Car bomb explodes outside courthouse in Northern Ireland

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A car bomb last night exploded in the Northern Ireland city of Newry, sending the political message that rebel republicans remain intent on attacking the Irish peace process.

There were no immediate reports of injuries in the explosion, which took place as police were evacuating the area around the city's courthouse, which is close to one of Northern Ireland's busiest roundabouts.

At around 10pm a car containing the device was abandoned close to the gates of the County Down courthouse, which is protected by thick security walls. A spokeswoman for the Police Service of Northern Ireland said "We don't have any indication that anyone was hurt. Police were in the process of evacuating the area when there was an explosion."

Last October the courthouse was the scene of a major alert after a suspicious vehicle was abandoned nearby. After a lengthy security operation the incident was declared an elaborate hoax.

Last night's bombing bore the hallmarks of an attack by one of the three dissident republican groups which are still violently active. The Real IRA, the Continuity IRA and ONH, have all staged bombing and shooting attacks over the past 12 months. Those who remain involved in shootings and bombings such as last night's incident have been described as Martin McGuinness of Sinn Fein, Northern Ireland's Deputy First Minister, as "traitors to the island of Ireland".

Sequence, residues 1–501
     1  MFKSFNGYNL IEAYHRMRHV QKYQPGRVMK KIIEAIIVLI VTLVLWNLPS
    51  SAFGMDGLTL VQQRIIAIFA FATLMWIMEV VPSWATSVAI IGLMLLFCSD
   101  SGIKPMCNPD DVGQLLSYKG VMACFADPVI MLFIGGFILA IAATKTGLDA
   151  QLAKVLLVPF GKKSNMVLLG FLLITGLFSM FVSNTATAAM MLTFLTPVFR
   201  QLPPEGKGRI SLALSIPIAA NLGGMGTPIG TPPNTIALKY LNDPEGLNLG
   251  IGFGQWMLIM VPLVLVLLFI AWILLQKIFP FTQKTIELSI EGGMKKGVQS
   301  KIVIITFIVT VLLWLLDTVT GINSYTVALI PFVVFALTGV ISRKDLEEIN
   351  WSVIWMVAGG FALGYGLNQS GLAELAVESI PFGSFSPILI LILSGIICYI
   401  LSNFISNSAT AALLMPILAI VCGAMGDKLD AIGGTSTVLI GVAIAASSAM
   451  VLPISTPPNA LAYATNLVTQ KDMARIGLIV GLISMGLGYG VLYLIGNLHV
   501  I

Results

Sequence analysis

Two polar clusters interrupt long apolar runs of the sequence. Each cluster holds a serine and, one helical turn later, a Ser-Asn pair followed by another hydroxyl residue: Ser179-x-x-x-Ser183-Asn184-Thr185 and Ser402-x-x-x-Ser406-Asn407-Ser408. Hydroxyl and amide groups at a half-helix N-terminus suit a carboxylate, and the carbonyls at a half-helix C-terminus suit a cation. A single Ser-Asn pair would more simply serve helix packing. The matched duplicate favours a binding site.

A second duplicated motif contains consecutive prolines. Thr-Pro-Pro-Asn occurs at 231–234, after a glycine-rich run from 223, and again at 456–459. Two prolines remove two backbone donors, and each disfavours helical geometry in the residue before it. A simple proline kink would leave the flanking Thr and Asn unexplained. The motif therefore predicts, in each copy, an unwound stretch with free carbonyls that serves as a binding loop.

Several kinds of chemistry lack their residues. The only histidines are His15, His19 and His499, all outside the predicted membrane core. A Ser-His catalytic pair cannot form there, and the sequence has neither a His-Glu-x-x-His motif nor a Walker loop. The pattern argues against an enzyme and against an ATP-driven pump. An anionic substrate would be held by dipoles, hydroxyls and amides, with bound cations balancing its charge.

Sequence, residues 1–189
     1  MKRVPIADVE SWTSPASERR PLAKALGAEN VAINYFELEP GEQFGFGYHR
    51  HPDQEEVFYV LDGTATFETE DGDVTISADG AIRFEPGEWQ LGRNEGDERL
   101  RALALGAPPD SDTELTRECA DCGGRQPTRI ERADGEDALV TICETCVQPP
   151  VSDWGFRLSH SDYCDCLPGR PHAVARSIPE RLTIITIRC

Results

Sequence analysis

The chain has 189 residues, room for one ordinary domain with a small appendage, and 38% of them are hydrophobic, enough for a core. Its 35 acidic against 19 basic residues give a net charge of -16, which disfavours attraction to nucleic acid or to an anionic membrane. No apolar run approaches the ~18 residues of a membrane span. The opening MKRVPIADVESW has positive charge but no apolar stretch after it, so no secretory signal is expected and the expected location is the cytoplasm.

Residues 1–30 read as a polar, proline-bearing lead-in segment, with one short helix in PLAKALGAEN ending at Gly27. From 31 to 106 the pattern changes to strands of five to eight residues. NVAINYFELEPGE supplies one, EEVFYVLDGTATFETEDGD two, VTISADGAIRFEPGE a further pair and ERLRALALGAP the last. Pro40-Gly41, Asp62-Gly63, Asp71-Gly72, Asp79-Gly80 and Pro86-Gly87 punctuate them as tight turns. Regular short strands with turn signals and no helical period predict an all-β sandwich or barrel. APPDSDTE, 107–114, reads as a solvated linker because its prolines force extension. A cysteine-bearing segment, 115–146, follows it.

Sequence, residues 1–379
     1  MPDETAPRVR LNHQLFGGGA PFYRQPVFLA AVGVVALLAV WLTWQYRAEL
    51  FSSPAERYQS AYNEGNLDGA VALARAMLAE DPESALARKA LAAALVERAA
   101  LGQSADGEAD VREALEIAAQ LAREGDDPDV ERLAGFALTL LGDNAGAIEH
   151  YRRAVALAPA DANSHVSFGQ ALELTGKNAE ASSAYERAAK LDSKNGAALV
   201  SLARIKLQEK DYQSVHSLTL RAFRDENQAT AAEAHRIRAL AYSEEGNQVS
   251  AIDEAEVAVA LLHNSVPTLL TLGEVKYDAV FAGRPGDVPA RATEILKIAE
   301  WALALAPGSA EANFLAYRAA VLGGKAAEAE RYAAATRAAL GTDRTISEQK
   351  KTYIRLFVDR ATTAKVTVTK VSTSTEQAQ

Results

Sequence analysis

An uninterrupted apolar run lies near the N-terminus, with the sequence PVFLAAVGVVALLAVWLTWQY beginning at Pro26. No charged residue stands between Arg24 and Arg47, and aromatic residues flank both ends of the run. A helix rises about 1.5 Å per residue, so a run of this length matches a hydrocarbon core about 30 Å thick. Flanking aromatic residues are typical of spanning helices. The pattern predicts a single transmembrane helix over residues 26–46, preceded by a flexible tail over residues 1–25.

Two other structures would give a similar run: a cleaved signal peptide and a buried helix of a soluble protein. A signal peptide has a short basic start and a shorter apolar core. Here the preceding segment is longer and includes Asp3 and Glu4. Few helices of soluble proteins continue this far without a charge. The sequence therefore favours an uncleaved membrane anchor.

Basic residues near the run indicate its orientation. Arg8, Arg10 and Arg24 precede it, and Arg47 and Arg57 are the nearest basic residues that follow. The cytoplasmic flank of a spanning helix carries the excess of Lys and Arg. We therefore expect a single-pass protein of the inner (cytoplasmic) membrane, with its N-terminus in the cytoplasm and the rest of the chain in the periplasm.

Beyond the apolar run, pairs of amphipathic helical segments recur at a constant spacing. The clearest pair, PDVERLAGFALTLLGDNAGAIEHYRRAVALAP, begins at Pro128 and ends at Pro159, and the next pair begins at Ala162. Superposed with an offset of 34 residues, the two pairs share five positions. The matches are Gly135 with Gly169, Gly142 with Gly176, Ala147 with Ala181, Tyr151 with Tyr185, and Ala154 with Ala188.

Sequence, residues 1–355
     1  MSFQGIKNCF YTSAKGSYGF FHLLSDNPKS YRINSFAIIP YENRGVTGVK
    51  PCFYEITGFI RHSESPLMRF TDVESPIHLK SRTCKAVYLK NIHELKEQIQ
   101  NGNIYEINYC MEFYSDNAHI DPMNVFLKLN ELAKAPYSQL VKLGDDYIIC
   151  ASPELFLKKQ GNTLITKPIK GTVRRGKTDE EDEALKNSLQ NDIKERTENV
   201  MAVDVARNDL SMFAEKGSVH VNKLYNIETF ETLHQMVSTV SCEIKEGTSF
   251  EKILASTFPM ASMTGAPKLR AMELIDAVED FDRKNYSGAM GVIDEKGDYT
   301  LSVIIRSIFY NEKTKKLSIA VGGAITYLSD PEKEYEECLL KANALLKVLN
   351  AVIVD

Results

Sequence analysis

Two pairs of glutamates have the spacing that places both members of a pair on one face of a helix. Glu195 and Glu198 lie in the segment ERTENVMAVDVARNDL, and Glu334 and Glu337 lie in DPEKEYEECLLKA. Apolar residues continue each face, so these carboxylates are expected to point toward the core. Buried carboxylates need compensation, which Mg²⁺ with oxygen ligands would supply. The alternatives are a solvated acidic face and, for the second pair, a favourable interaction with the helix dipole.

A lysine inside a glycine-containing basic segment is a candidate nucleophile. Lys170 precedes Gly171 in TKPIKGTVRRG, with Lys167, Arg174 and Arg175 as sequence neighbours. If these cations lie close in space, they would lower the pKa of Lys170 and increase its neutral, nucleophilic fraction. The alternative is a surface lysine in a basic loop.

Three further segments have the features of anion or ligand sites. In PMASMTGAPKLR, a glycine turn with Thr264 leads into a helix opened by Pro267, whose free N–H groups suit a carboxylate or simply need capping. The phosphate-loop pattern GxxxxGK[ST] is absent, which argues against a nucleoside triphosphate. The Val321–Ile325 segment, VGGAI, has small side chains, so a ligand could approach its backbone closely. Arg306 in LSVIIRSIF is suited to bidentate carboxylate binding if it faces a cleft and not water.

But despite such condemnation and heightened security measures the three groups still manage to stage occasional attacks in Belfast and in border areas.

In the past few days police and a bomb disposal team spent several days dealing with a burnt-out car discovered during an alert near Keady, County Armagh, around 20 miles from Newry.

On Sunday the team defused what was described as a viable mortar bomb which was found near the village police station on Friday.